When Psychonauts 2 released in the Summer of 2021, it completely blew me away. A cartoony game about a kid-slash-psychic-agent going into people’s minds to sort out their bagge was every bit as good as its predecessor which came out 15 years prior. In fact, narratively speaking, it was better: underneath its wacky surface hid a very adult, nuanced story about how everyone has the potential to be a hero and a villain and the same time, depending on who is telling the story.
I think I played the game to completion three times since that Summer, and I’m looking forward to starting my fourth playthrough sometime this year. So color me surprised when – out of nowhere! – Psychonauts developer Double Fine released a TWENTY-TWO HOUR documentary detailing the six years of development this gem has gone through. Yes, you read that right, it’s twenty two hours long. And I watched it all.
I’m going to be completely honest: This is riveting TV. Double Fine, if you are unaware, is the studio lead by Tim Schaefer, one of gaming’s rockstars. The studio is independent and quirky, and the thing they are trying to create is so ambitious it almost tears them apart. In fact, if not for some crazy bad luck turning into lucky breaks, neither Psychonauts 2 nor Double Fine would exist this very day. The interviews are open and honest – finally, a documentary shows artists at work instead of suggesting everyone working in a creative profession is just loafing around.
Psychodyssey ist not just an amazing look behind the scenes of a triple-A video game, it’s also a deep dive into creative processes involved into making any piece of media. As someone who co-lead a team of writers, I have often said the things these leads say. People working on this game break the way I’ve seen writers break. But they also have the feeling they’re building something truly incredible the way we do.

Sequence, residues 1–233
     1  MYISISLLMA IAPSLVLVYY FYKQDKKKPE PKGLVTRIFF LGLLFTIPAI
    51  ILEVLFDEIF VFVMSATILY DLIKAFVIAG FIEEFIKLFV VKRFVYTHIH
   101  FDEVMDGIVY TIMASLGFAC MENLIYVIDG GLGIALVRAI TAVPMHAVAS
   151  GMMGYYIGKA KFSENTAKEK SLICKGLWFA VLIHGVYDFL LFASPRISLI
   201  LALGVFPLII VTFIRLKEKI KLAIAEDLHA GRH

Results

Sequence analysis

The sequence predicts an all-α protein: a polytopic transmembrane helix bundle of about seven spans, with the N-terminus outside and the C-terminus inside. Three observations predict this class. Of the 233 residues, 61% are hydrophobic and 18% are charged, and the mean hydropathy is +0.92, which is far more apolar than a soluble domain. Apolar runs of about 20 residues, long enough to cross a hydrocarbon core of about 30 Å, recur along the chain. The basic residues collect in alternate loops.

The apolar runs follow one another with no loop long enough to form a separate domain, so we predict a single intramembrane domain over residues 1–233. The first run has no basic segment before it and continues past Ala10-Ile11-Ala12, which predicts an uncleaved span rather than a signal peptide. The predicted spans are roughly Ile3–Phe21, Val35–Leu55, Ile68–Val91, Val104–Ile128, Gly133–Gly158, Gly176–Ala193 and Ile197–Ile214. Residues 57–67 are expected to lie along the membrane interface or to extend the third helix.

Over the course of these 22 hours I watched way too fast, I wrote down a lot of quotes by Tim Schaefer, because I truly admire the way he leads his team and I wished I were one tenth the leader he is. But even with Tim, you notice he’s fighting a losing battle. Even he can’t keep everyone happy and get great output at the same time. The discussion on crunch culture (i.e. mandatory night shits to get the damn game out the door) in the final third of the documentary is vicious, but in the end, it is completely true: There is no way to completely protect people from theirselves.
Anyway, check it out. And check out Psychonauts 2. It’s an amazing game made by amazing people.